I suppose if waste is being removed without you having to do anything except put it out on the street, and you're not aware of any problems with waste, then it would be unlikely that you would think to do anything different.
Yes, whereas we come in when the cafe's open. Usually we'll grab a coffee and we develop relationships with the cafes because that's a form of transparency that cafes can trust. Another barrier, clearly, is that cafes need to pay us to remove their coffee. Most of the time cafes just assume that it's a free service.
Because they look at it as waste that's not a resource and definitely not their responsibility?
Exactly. People might think that we're removing waste because it's a nice thing to do, so sometimes people just think it's a donation service. Initially we would get emails from people that were happy to donate their coffee if we were willing to pick it up. But the mindset is slowly starting to change and we're getting people asking us how much our service is. That's the behavioural change I keep emphasising. When it gets to that point, the waste producer is taking responsibility of their own waste that they've produced. We completely understand that the bottom line is very important but we're trying to advocate for triple bottom line. It is about people and the planet and profit.
I sat on a panel at Melbourne Knowledge Week 2018 with Nathan Tolman from the the Mulberry Group. (which includes Top Paddock, Higher Ground and Square One Coffee Roasters). He was talking about how sustainable waste practises are an investment. At Top Paddock they've got 20 worm farms that recycle most of their organic waste. That's not achievable for smaller businesses but this idea that you can invest in waste is really important because that's exactly what it is. Poor waste management contributes to climate change and now the coffee bean is threatened. I went to a talk the other night about protecting the future of coffee because the countries that grow most of the world's coffee beans are usually in places that are worst affected by climate change. If you're, therefore, in the business of selling coffee you should want to play your part in protecting coffee beans. Having said that, there are still a lot of businesses that will cut costs at every stage in their business. Those people are not the people that are going to be using Reground at this point in time. There will come a time where people will see the absolute need for it. Or we will have worked really hard and got it legislated!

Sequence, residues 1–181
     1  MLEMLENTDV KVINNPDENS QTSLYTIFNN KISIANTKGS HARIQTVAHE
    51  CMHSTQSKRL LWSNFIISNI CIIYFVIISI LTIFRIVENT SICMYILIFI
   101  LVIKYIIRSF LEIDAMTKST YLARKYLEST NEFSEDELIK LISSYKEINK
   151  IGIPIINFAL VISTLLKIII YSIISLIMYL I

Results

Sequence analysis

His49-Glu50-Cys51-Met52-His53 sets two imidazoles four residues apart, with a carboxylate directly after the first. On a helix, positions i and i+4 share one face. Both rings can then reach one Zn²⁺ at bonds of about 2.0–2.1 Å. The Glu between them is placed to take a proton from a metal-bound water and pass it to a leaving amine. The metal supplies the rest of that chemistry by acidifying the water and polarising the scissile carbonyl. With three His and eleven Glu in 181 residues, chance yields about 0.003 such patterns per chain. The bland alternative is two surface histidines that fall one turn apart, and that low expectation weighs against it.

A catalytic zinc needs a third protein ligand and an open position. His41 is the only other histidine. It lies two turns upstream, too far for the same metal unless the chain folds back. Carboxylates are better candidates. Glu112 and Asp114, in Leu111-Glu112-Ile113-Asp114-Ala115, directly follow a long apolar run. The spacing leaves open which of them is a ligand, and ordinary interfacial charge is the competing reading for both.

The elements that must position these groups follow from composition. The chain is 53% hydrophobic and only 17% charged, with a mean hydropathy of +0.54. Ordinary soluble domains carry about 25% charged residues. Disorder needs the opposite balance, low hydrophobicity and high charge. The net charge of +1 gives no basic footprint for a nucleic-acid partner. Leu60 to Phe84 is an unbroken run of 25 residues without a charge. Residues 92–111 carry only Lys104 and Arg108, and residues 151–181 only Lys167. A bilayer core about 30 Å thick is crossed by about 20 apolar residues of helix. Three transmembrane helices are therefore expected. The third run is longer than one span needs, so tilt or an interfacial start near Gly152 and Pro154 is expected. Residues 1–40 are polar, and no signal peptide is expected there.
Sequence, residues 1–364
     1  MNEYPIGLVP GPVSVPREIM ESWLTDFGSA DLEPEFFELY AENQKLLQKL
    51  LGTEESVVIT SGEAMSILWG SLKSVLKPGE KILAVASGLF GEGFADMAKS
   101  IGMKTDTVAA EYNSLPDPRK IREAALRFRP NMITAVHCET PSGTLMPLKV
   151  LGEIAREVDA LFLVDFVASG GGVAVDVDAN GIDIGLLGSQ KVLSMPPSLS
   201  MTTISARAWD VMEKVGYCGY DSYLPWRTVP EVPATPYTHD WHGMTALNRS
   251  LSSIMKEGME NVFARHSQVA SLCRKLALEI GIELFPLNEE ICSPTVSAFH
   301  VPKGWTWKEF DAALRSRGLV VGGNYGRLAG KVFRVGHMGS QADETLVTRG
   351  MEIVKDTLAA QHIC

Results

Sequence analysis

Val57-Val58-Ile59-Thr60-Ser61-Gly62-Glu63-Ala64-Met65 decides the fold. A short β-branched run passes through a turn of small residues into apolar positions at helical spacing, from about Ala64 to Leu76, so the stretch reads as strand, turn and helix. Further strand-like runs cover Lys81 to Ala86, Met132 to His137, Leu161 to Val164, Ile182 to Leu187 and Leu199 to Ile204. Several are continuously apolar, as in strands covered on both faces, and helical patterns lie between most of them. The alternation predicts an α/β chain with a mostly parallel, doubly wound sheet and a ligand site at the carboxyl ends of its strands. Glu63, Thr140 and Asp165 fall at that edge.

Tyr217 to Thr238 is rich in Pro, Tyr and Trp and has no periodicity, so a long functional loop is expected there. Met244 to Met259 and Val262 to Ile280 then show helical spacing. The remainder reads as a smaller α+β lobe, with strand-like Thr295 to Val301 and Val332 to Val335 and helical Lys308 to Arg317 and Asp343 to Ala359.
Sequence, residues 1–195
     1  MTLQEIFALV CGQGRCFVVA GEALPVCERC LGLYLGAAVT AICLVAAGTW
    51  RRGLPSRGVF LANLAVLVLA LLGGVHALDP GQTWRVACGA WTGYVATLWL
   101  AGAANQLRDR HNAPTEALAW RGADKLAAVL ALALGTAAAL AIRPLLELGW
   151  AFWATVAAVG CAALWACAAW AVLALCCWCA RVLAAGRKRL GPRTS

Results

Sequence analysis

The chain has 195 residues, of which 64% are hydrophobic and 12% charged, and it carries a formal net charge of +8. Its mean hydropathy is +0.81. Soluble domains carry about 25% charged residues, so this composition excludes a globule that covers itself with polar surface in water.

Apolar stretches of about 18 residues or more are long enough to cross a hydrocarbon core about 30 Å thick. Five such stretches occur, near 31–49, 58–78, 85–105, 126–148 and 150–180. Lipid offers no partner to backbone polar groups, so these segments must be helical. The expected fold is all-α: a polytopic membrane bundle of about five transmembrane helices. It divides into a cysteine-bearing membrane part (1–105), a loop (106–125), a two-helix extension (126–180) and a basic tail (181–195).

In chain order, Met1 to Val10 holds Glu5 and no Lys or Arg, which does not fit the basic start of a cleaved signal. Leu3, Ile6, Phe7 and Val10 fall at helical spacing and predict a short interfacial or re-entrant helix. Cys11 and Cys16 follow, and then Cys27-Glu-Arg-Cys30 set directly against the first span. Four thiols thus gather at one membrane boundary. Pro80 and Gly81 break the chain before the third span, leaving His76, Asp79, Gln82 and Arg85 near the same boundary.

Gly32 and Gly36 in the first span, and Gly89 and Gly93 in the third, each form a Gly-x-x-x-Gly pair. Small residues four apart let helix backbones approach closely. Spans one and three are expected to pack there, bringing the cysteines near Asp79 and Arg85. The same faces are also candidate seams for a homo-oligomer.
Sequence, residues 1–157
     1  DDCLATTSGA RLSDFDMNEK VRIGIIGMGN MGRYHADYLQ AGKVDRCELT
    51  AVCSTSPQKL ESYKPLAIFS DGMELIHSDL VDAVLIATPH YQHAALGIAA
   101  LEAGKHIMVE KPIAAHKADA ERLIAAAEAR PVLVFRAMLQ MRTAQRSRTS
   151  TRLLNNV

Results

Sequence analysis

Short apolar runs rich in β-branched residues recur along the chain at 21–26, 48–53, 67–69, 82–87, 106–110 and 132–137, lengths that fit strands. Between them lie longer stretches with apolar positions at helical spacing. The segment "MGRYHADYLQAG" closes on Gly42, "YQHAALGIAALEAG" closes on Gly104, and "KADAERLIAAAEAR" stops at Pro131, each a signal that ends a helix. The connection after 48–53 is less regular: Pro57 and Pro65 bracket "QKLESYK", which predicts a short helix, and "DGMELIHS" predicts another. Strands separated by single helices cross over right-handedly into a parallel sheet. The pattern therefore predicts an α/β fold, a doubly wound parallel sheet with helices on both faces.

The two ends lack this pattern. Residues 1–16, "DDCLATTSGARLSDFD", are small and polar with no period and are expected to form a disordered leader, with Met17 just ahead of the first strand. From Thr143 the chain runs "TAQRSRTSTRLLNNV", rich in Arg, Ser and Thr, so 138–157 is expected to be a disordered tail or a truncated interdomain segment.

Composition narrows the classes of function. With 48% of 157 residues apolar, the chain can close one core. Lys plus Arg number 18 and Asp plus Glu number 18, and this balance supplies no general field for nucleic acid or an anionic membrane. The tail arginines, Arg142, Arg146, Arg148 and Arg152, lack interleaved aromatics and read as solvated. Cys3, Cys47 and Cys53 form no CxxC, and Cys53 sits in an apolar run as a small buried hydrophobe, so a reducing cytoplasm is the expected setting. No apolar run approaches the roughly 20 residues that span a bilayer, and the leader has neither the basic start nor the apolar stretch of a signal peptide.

This is super important because Reground sits within the broader discussion of sustainability. You're not necessarily only trying to recycle coffee, you've just started there. So, what's the next step for you guys?
We often say that we'd like to work ourselves out of a job. For us it's about it not being an option for cafes, restaurant owners and individuals to throw their organic waste into landfill. Ideally i'd like to see compost bins throughout the city. If I'm eating an apple and there's a compost bin I can put it in, that's the ideal scenario. Once enough people are on board and people are demanding our service then we can can approach the council to make large-scale change.